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Vermont’s Workforce Well-Educated but Underutilized


September 6, 2007

Paul Cillo
Public Assets Institute
Montpelier, Vermont

Vermont’s Workforce Well Educated but Underutilized

Wages and income lag behind region, says Public Assets Institute report

MONTPELIER, VT – Vermont has a highly educated workforce and enjoys low unemployment and the highest workforce participation rate in New England. But the state’s wages and median household income remain well below regional standards. In fact, real wages for those with a four-year college degree have gone down.

These are among the findings of “The State of Working Vermont 2007,” a new brief prepared by the Public Assets Institute. The report highlights Vermont employment, wages, and workforce trends, drawn from 2006 government data. It is produced in cooperation with the Economic Policy Institute (EPI), a Washington-based economic think tank.

“Vermonters are well educated and hard working, but the wages they receive are among the lowest in New England,” said Paul Cillo, president of the Public Assets Institute. “The state has kept the minimum wage above the federal level,” he said. “But that’s not enough. We need an economic development strategy that effectively uses Vermont’s best asset: its workers.”

Among the brief’s primary findings:

• Vermont’s labor force participation, at 72 percent, is higher than the national average and that of the other states in New England.

• Vermont’s workforce is very well educated. In 2006, more than a third of the state’s workers had a four-year college degree and over ninety percent have finished high school. Since 1980, the gap in wage growth between workers with a college degree (40 percent growth) and a high school degree (27 percent growth) has been steady, although real wages for those with a college degree have fallen since 2002.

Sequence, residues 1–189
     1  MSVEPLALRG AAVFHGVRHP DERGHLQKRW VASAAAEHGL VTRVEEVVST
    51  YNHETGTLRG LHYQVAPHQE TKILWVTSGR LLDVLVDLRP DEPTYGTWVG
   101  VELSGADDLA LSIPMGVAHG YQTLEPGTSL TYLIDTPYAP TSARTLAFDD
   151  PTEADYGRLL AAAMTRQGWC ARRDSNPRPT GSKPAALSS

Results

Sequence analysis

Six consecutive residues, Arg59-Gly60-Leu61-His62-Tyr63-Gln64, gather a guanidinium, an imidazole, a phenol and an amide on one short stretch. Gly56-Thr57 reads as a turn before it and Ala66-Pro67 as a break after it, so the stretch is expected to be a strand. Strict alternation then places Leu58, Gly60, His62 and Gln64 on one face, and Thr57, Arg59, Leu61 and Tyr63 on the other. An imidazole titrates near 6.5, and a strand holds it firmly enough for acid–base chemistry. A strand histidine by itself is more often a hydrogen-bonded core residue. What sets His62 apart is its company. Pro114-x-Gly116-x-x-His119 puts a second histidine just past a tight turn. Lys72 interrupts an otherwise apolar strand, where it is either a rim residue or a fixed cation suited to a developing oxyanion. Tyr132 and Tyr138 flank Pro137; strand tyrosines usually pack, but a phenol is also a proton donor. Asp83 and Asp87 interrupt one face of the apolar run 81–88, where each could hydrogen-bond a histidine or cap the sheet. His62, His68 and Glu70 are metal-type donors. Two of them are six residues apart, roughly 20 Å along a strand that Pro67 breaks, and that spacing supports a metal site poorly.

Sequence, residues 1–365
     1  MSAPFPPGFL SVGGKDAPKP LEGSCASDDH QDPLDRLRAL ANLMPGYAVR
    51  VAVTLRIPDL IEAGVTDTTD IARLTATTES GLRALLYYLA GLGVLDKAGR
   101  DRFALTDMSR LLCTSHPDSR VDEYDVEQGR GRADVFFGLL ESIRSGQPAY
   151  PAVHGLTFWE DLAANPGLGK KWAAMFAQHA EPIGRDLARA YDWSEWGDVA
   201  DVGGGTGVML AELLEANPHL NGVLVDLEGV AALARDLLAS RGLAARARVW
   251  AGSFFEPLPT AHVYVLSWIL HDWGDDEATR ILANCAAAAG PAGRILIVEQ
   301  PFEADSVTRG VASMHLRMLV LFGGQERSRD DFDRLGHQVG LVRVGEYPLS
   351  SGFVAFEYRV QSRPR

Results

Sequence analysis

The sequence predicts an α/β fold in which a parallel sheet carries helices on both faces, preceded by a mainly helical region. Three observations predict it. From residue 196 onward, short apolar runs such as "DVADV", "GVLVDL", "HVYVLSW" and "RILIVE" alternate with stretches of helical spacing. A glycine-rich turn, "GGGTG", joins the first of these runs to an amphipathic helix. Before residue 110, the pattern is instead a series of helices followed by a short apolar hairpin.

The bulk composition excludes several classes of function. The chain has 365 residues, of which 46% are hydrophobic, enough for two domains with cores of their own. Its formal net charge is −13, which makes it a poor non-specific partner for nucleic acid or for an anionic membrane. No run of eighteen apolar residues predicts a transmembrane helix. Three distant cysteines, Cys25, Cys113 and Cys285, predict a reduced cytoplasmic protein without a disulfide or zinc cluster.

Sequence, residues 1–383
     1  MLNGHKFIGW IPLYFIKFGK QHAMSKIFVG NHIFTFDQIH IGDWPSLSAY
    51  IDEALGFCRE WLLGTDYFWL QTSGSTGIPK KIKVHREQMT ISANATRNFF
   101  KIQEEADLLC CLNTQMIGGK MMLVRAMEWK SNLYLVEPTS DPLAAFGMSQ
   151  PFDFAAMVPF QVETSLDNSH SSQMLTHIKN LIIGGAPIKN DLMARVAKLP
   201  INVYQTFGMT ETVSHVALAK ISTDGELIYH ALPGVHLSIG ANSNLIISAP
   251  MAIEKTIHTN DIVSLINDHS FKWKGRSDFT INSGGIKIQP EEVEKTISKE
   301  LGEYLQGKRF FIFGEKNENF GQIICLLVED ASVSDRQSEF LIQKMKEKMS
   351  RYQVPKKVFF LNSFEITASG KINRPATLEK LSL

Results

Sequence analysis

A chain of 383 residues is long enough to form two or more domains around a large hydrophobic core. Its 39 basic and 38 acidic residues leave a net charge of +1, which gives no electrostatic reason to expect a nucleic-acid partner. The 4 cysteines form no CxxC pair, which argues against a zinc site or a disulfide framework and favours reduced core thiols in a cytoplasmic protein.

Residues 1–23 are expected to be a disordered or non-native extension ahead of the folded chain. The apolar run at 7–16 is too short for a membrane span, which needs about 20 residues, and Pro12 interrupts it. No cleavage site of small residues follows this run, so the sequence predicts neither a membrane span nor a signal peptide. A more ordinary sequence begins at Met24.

• With net gains in construction, education, health services, and government, Vermont saw just under 3 percent net job growth since 2000, the second-highest gain in New England (after Rhode Island). In spite of economic development strategies to strengthen private-sector job growth, it has been weak since 2001.

• Like other states in the region, Vermont lost a significant number of jobs in the manufacturing and information industries. Many of Vermont’s new jobs are low-paying service jobs.

• Despite a 9 percent growth in its median wage since 2000 ($14.95 in 2006), Vermont’s median wage remains the second lowest in the region (behind Maine) and only slightly above the national median wage of $14.81.

• Gender equity has continued to improve in Vermont. Women earned 87 cents to every dollar men earned in 2006, but female median wages ($13.82) were the second lowest in the region, next to Maine.

This brief is available on the Public Assets Institute’s website at


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